Users can set the app to give them forecasts in 10 different places. The app will also allow users access to technology used to make long-range forecasts to help plan vacations or other events.
“Everyone wants to know tomorrow’s weather, the weekend and their birthday, even if it’s 6 months down the road,” Freeze said. “This will be a way to satisfy some of those needs with a little bit of science behind it.”
To start, Freeze will be working live from 4 a.m. to 10 a.m. Mountain time on weekends; other appearances will be forthcoming. And, yes, she’s hoping to be able to work a pet feature into her Fox forecasts. She’s an animal lover, too, with a rescued Australian Shepherd/golden retriever who has her own Instagram account (@thesunnyfreeze).
As for those “Jeopardy!” questions, Freeze says, “Somewhere in the ‘Jeopardy!’ writing staff is someone who is fascinated by nominative determinism.”
“Both times I’ve been an answer, or a question, they’ve used my name. And it’s been a thrill of a lifetime to be on what is the longest-running game show in history, to show up as a name and have people call me from elementary school and say, ‘No way, I just saw your name on ‘Jeopardy!’”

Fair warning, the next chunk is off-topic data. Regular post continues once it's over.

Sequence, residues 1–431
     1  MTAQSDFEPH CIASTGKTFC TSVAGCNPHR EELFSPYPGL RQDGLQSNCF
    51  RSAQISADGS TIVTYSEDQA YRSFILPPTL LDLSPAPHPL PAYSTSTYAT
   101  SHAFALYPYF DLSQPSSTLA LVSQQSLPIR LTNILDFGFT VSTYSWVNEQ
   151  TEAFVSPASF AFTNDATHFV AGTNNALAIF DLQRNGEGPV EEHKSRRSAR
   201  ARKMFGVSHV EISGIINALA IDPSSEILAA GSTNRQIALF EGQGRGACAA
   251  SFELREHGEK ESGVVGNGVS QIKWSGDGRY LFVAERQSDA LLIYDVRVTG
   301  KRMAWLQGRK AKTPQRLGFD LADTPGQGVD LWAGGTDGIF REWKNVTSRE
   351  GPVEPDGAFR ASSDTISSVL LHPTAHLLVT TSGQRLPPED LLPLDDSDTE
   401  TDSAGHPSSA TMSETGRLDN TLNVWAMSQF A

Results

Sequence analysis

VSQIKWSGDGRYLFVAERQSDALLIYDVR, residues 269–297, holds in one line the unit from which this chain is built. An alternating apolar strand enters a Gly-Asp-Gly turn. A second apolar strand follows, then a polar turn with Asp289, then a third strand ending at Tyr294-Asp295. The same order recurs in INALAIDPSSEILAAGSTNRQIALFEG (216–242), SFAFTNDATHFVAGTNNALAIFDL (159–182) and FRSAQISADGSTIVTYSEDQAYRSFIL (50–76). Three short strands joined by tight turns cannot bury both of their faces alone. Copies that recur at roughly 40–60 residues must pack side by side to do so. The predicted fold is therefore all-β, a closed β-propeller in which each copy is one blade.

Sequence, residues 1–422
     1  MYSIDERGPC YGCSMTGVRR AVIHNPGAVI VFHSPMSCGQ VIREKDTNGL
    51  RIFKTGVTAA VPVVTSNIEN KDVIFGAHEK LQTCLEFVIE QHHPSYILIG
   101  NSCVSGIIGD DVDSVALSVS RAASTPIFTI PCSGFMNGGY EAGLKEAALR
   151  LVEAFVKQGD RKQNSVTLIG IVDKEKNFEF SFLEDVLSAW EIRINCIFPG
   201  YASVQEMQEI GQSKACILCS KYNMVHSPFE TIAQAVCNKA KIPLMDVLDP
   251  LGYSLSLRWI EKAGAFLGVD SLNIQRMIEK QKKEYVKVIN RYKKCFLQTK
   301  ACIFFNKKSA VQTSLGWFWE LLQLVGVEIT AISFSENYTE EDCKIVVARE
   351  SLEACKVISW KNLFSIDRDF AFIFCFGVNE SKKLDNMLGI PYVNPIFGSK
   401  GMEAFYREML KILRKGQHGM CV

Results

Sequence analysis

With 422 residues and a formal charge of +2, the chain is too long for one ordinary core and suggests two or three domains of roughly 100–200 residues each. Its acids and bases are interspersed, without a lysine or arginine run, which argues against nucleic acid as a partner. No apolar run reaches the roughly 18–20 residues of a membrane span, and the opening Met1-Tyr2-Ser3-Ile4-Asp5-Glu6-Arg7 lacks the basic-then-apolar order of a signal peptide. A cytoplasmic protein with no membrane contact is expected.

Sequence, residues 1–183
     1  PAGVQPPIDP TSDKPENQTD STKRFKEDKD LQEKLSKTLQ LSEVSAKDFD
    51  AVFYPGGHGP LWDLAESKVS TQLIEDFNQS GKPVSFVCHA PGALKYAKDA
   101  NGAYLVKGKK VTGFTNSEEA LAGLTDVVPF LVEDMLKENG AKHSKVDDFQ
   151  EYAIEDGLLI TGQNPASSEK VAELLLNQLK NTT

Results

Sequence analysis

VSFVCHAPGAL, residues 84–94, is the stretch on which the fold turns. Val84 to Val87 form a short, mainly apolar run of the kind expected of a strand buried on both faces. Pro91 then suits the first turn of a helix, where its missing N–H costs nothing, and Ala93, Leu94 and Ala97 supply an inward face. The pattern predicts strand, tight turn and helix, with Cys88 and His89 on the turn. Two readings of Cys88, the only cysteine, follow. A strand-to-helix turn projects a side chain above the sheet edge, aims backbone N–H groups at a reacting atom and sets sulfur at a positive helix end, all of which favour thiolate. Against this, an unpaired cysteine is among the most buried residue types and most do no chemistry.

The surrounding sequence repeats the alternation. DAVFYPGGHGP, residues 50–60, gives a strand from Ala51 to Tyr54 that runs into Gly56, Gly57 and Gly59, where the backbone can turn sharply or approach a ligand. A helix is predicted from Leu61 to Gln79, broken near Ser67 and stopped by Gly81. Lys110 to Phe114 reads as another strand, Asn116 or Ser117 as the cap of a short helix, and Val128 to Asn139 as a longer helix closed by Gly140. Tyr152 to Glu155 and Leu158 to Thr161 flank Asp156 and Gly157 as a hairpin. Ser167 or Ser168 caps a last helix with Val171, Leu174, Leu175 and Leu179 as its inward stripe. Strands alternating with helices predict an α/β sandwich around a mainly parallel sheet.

One answer was “Amy Freeze and Dallas Raines have this profession.” (The question: What is meteorology?) The other was, “Amy Freeze became a meteorologist in Chicago at this age, which is also the freezing point.” (The answer, if you’re stumped, is “What is 32?”)
“I’ve got a friend on the ‘Jeopardy!’ staff, and I don’t know who it is, but it’s pretty awesome,” she said.
Given the famously conservative leanings of the Fox brand, some people are wondering if Fox Weather, too, will lean to the right. Asked about that, Freeze said that she is among about 40 meteorologists Fox Weather has hired, and that any discussion over politically charged topics, like climate change, is best left to others. The meteorologists, she said, are just there to report the weather.
“They (Fox Weather) have literally taken the opportunity to take this brand and find the best people available to deliver weather news. This is a new platform, but there’s definitely an appetite, for people interested in Fox, because everybody wants to know about the weather.”